The apparent contradiction comes from the omission, in the article, of the user namespace hierarchy. Quoting the manpage:
User namespaces can be nested; that is, each user namespace—except
the initial (“root”) namespace—has a parent user namespace, and can
have zero or more child user namespaces. The parent user namespace
is the user namespace of the process that creates the user namespace
via a call to
clone(2) with the
In the article, process D is part of user namespace 2, which is nested inside user namespace 1. A single process belongs to a single user namespace, but that user namespace is nested inside its successive parents, all the way up to the root namespace.
Processes can be visible from multiple user namespaces; in particular, all processes are visible from the top-most user namespace (or if you prefer, from outside all user namespaces). The user ids attached to processes change values depending on the user namespace from which they’re queried, depending on the uid/gid maps used in each user namespace, and this is the point the article is trying to make.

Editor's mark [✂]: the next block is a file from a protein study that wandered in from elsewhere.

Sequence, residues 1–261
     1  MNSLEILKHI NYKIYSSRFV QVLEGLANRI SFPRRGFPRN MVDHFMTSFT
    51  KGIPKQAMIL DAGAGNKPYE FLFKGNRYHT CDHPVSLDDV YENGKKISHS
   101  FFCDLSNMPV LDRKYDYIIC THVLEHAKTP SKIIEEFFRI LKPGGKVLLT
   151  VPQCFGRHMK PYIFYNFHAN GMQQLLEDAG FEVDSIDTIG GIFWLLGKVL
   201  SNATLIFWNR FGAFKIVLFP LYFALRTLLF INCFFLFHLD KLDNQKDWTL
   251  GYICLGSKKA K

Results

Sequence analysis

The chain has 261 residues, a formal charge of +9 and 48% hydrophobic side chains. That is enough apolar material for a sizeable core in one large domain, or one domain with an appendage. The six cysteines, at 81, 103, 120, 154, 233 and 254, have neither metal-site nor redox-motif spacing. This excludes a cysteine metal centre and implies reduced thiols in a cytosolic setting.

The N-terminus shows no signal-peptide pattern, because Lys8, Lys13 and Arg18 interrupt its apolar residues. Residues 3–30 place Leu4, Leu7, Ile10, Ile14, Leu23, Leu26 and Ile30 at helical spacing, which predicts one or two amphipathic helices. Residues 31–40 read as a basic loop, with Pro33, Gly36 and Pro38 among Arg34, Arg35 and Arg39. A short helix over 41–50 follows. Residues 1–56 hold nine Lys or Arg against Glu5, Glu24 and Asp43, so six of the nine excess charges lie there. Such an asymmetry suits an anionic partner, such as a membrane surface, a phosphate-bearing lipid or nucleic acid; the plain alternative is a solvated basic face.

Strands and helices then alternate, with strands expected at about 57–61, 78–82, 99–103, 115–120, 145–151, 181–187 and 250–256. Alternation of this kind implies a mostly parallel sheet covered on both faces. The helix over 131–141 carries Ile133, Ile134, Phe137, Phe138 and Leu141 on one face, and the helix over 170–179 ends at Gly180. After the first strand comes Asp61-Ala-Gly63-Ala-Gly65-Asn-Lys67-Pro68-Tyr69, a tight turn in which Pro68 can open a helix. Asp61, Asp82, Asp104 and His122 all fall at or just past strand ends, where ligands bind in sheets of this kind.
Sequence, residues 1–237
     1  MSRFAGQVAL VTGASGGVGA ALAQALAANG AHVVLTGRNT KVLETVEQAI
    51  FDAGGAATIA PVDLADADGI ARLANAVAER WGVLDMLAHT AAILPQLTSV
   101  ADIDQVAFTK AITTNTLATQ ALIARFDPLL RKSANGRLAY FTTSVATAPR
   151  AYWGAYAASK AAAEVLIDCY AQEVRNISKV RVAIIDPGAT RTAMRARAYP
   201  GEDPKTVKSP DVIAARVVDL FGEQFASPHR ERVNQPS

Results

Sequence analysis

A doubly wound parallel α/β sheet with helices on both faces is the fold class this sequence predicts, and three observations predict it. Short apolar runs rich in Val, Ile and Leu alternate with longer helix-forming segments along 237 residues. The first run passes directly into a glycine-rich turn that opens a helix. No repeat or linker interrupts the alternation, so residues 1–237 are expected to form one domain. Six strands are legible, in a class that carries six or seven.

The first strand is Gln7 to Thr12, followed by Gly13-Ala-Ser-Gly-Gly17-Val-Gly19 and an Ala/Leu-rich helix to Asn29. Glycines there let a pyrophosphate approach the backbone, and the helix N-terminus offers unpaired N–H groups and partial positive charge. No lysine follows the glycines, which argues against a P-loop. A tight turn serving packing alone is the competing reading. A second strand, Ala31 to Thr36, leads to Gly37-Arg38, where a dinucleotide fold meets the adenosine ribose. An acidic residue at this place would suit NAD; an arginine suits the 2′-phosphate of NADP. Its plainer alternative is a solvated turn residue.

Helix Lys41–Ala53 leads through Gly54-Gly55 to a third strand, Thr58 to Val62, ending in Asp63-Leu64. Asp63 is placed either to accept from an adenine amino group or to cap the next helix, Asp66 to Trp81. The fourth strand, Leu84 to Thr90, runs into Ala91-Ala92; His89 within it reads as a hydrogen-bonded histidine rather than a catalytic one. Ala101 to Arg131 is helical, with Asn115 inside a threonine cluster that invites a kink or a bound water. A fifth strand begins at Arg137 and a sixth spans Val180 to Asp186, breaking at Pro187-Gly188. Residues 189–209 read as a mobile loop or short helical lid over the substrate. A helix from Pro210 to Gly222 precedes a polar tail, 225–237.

You can see this for example by starting a rootless container running
ps inside the container will then show
USER PID %CPU %MEM VSZ RSS TTY STAT START TIME COMMAND
root 1 0.3 0.0 12024 3196 pts/0 Ss 13:49 0:00 /bin/bash
but the same
bash process will show up as
skitt 23345 0.0 0.0 12024 3208 pts/0 Ss+ 15:49 0:00 /bin/bash
outside the container.
/proc/.../uid_map shows the uid map in use:
$ cat /proc/23345/uid_map
0 1000 1
1 624288 65536
This means that the “range” of uids from 0 to 0 inside the corresponding user namespace maps to 1000 in the user namespace I queried it from, and the range from 1 to 65536 maps to 624288–689823.